for Peete’s sake
There was a quarterback named Rodney Peete who played for the Philadelphia Eagles when Bob was growing up. Although he was a serviceable quarterback he never caught on in the town because he had a nervous tick that caused him to smile whenever he felt stressed.
Like when he threw an interception.
That kind of reaction will not endear you to the fans.
Bob always felt sympathetic towards Rodney because he too had a similar tick. Except his happened every few minutes, unprovoked, and was the kind of smile that you only saw on the face of people who had just won a million dollars or heard that their ex had fallen down a well to their death. For a few seconds every now and then he would absolutely beam.
Rodney Peete had gotten off light compared to Bob. His tick hadn’t caused him too many issues and Bob was pretty sure he ended up marrying some beautiful sitcom star despite his little tick.
Bob’s eulogy at his mother’s funeral was the kind of thing that stuck with people. They would wake up in the middle of night saying to themselves “Jesus… that fucking smile…”
Which was ironic because his mom had always told him that his smile came from Jesus. “It’s how Jesus reminds people he loves them. Through your smile” she would say.
He remembers saying “Jesus” over and over the time in the airplane lavatory when he joined the Mile High Club as a direct result of flashing his pearly whites at the exact right time to an attractive yet lonely middle aged woman across the aisle from him on an empty cross-country flight.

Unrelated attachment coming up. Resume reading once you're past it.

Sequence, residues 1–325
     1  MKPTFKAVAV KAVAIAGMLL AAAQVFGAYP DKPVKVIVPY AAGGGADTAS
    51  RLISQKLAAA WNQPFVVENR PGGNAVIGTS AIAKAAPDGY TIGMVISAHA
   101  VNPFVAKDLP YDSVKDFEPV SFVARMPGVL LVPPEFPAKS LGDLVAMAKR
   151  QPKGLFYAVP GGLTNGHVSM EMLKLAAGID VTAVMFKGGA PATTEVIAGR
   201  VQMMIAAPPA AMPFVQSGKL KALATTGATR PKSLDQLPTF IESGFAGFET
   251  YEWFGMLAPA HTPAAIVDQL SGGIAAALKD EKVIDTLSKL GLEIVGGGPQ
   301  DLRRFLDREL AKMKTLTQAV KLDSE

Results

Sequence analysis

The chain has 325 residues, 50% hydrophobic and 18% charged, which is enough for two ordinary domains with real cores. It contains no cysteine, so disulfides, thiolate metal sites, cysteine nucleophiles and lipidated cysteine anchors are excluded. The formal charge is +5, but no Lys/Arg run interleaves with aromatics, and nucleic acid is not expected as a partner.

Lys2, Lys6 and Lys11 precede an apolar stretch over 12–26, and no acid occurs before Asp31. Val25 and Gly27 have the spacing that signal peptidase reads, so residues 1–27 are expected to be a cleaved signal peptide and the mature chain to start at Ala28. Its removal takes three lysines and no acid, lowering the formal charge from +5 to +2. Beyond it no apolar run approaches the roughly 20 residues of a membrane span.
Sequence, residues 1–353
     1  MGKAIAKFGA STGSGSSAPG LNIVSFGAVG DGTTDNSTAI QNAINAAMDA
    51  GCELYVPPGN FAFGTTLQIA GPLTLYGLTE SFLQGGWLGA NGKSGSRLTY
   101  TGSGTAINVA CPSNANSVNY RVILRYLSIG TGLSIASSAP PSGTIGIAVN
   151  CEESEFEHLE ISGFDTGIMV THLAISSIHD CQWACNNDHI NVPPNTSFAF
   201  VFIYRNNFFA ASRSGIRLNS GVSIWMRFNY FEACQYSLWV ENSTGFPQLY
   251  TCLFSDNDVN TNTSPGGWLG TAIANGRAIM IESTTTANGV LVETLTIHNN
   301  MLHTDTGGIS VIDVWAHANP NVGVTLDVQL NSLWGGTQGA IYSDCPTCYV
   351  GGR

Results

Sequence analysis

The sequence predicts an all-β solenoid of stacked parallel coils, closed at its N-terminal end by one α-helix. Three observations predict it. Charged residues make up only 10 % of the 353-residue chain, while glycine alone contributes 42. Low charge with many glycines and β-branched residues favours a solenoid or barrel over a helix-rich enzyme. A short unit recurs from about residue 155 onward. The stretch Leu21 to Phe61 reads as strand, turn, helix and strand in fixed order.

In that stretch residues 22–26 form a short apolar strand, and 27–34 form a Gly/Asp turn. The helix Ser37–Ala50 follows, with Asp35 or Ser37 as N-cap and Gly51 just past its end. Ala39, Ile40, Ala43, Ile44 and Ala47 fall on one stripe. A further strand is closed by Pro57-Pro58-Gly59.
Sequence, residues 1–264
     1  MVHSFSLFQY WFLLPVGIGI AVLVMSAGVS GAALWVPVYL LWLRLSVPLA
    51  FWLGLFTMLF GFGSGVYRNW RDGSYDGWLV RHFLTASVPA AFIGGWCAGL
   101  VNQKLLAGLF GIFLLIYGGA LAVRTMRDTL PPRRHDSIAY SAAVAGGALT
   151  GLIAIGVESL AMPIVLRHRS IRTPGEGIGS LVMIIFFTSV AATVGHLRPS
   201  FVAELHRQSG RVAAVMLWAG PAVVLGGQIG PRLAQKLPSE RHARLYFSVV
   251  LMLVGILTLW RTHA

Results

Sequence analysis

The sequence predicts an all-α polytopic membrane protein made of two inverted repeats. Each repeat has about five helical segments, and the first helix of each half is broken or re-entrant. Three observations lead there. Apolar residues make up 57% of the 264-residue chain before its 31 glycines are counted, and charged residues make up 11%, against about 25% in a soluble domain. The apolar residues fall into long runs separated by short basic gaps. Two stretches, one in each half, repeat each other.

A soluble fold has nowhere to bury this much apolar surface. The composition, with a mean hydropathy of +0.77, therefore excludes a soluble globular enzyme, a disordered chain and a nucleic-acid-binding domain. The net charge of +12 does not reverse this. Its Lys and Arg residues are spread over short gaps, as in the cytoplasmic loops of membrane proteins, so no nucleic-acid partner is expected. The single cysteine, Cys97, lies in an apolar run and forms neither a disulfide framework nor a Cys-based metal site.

Apparently, Jesus does work in mysteries ways. He giveth and taketh away and throws the Bob the occasional bone.
His high school guidance counselor said it was a shame that society didn’t need executioners anymore. Although he would have to wear a hood, it would be wonderfully ironic that he might be smiling as he lopped off the head of a criminal. Bob always thought that was an odd thing to say to a seventeen year old.
Back in the here and now, Bob sat at the table in his kitchen in his Rodney Peete jersey and read the letter telling him he’d been called for jury duty. He sat for a minute and imagined how that little scenario would play out. The prosecutor explaining the grisly murder in detail and the judge asking him what he was so happy about. Relatives of the victim glaring at him.
Not a chance.
The last time he had talked himself into trying something like that had been in high school when the drama club needed another male to be in a play. He can still remember the local paper’s review calling him out by name and saying how he ruined Long Day’s Journey into Night.
He wondered what the penalty for not showing up for jury duty was. Could they charge him with anything?
Suddenly he smiled.
If they did, could he request a jury trial?
Another huge smile.
And, by definition, could they ever assemble a jury of his peers given the charge? If they showed up to the courthouse how could they be considered his peers?
A third, enormous smile.
That one wasn’t the tick. That was all Bob.
They would literally have to go to the homes of twelve separate people and present each of them the case. He imagined the judge, prosecutor, defense attorney and himself spending the whole day driving all over town. Separate cars of course.
He smiled again. A giant grin. His eyes twinkled. Danced. Alive.
That was the tick.